08 May 2008

Walkable is In

Nothing gets the point across better than a simple drawing like this by the New Urbanists:
 

On the subject of walkability... no other mode of transport compares in ease or pleasure. A few days ago our family took a nice bike ride to Newport. The ride was a lot of fun, but I was struck how much more complicated and difficult it was than our usual walk to the Library or Fountain Square. You can't really carry a conversation while biking, and one kid requires a special seat with a seatbelt, both require helmets that they have trouble with, add some mechanical difficulties, and then trying to park them in a safe spot and carrying the helmets around all adds up to a strained day. Really, nothing beats a walk.

8 comments:

valereee said...

Have you seen walk score? It analyzes your neighborhood's walkability. We were surprised when we moved to the 'burbs by how walkable the neighborhood we picked is -- we'd reluctantly moved from Clifton sure that our days of walking to everything were over, and by sheer luck chose a neighborhood in which we can walk to the library, post office, shopping, restaurants, bars -- and sure enough, the walk score here is 55 (out of 100) which for the 'burbs is not bad.

CityKin said...

Interesting. I just scored a 95!

Radarman said...

How do we get the city government to shift priority from the ease of automobile commuting to the safety and pleasure of walking? It's hard enough to get the city to acknowledge bicycles as desirable. There are, to my knowledge, no pedestrian advocates in the administration or on council. Other cities are walking far ahead of us.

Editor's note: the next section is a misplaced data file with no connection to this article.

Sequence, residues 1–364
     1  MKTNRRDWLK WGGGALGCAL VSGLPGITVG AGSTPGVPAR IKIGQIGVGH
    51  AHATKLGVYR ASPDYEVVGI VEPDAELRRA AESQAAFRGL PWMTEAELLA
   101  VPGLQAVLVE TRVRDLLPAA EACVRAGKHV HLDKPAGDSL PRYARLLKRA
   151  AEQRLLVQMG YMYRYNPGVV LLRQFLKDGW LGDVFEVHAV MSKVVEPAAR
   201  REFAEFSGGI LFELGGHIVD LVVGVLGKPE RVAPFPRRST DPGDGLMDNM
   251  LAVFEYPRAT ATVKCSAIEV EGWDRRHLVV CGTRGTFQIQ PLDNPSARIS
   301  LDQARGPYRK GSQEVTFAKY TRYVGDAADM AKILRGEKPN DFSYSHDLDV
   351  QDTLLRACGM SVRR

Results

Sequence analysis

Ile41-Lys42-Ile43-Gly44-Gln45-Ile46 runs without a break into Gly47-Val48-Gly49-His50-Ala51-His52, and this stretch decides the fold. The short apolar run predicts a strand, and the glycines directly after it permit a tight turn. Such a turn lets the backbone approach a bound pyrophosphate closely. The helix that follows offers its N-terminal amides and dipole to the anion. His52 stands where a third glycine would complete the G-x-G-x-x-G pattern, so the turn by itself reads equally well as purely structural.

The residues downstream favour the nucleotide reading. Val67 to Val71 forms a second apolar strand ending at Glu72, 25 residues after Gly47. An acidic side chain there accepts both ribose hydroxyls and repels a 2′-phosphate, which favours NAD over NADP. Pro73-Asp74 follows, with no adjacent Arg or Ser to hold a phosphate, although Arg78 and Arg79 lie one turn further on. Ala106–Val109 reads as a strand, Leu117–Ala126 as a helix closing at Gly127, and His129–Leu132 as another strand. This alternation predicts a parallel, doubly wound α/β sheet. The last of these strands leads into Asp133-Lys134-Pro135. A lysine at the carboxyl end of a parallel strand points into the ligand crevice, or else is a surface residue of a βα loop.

VisuaLingual said...

BikePAC is [or was, I suppose] an advocacy group for bicyclists and pedestrians.

The "walk score" is a great tool, but you really have to know the neighborhood to understand the results. My closest grocery store is Bang's Market, closest movie theater is the Cincinnati Arts Association, and closest clothing and music store is Deveroe's. Things that make you go hmmm...

CityKin said...

What? You don't get your groceries at Bangs?

They do carry a wide selection of salty snacks.

VisuaLingual said...

I don't want to venture off-topic here, but I'm a bit conflicted when it comes to a place like Bang's. I'm inclined not to shop there because it offers almost nothing I need, and I also disapprove of its selection over all. Ideally, though, it could be my corner market. So, maybe I should shop there and use the opportunity to suggest what else it might carry? Money talks, but what's the best way for my money to talk?

justforview said...

BikePAC (Bicycle Pedestrian Advisory Committee) is active, and they meet at Arnold's like the good old days.

It is not a council member, but because it is a formal city body they have the ear of council.

They are typically reacting to issues that come up, but if there is ever an issue that needs support or advocacy they are probably more than happy to help. I know they have been supportive of keeping steps open.

Riding in groups anywhere is a hassle, but locking the helmet to the bike can helps once you get there.

CityKin said...

I don't know how you can lock the helmet to the bike. I guess it depends on the type of helmet.